The question asked by the judges to Sushmita Sen during the tie-breaker round at Femina Miss India 1994 was, “What do you know about the textile heritage of your country and how old has it been?”. Sushmita answered, “I think it all started with Mahatma Gandhi's Khadi. It has gone a long way since then but the basics of Indian textile heritage has been from there”. Sushmita scored an average of 9.41 on this answer and won the crown, relegating the favourite Aishwarya Rai to second place. 
The run-up to the tie-breaker actually had had its own ups and downs. Sathya Saran has been on record to say, “Everyone was fawning over Aishwarya (in the preliminaries). Make-up artistes would shower special attention on her. The judges were leaning towards her. She won Miss Ten, a title given to someone with the best body in the competition. Internationally, this is often the decider. Once you win Miss Ten at the Miss Universe, you are as good as home. But Aishwarya's body wasn't toned; I protested but the other judges shot me down”. Aishwarya, despite being a trained fashion model, however tripped over her gown on the ramp in the final round. Some say, that little fall was instrumental in getting her to lose points on poise and getting bracketed with Sushmita, and eventually was the stroke of fate that put her into the Miss World contest as the No. 2 winner rather than in the Miss Universe fray as the No. 1.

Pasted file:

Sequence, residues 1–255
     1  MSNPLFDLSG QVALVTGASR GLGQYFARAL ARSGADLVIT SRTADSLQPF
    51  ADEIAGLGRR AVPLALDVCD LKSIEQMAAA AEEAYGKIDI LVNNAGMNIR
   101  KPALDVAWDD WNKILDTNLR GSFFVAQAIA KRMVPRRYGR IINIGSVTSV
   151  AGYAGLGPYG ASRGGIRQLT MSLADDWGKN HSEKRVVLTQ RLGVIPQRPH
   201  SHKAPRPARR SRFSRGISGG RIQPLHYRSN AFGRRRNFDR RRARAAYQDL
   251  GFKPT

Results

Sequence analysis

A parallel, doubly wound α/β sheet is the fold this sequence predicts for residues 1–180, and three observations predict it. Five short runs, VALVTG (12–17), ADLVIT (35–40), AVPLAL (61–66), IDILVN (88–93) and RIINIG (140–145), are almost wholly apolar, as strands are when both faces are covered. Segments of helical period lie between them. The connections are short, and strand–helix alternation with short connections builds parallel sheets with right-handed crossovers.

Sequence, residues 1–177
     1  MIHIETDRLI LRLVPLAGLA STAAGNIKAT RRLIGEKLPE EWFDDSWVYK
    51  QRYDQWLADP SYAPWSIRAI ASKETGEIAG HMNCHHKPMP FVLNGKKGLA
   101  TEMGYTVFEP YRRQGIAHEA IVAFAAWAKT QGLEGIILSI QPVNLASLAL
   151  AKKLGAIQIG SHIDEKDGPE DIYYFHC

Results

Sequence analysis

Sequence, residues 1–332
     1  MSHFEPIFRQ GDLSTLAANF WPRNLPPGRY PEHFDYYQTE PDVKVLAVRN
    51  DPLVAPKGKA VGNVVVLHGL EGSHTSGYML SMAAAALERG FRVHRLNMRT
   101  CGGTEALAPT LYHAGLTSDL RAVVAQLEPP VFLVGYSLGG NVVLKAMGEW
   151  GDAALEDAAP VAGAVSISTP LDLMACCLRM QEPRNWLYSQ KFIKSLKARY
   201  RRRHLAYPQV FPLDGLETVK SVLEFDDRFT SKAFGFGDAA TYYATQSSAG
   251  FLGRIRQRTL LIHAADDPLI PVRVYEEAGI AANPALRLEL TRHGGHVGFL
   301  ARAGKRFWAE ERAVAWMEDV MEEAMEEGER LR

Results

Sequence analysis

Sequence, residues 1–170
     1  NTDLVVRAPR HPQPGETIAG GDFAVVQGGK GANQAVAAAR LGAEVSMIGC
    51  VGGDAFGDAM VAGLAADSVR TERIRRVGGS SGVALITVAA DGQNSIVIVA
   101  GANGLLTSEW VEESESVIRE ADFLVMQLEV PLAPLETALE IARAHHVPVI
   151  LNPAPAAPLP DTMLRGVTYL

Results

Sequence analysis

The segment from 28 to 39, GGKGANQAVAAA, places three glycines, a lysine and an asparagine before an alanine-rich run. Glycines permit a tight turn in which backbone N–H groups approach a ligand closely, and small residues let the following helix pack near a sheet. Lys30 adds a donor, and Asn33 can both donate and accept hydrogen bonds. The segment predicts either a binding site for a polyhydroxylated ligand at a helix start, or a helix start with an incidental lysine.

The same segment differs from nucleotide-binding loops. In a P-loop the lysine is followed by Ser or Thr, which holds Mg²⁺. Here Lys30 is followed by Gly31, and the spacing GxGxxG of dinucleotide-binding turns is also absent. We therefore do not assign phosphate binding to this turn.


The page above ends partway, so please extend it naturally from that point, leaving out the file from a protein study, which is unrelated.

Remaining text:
But the bigger excitement was yet to come. At the Miss Universe contest, Sushmita Sen ranked third overall in the preliminaries, right behind preliminary winner Miss Colombia Carolina Gómez, and Miss Greece Rea Totounzi. Sen went on to place second, fifth and third in the forthcoming rounds, and finally won the overall crown. Back home in India, this victory was received with almost as much excitement and happiness as the cricket team’s World Cup win in 1983! Aishwarya Rai then made it a glorious double, winning the Miss World contest a few months later. When Aishwarya returned to India, her homecoming procession in Mumbai along Bandra's Carter Road had over a million people lined up on both sides chanting, “Ash, Ash, Ash!” catapulting her to instant super-stardom. 
My wife Tanya and I were in Pune for the Femina Miss India contest in the year 2000. My client Palmolive was the title sponsor and we were privileged to have front row seats at the show. Sizzling beauties Lara Dutta, Priyanka Chopra and Dia Mirza ranked Top 3 and were nominated as India’s entries to Miss Universe, Miss World and Miss Asia Pacific. All three returned home proud winners.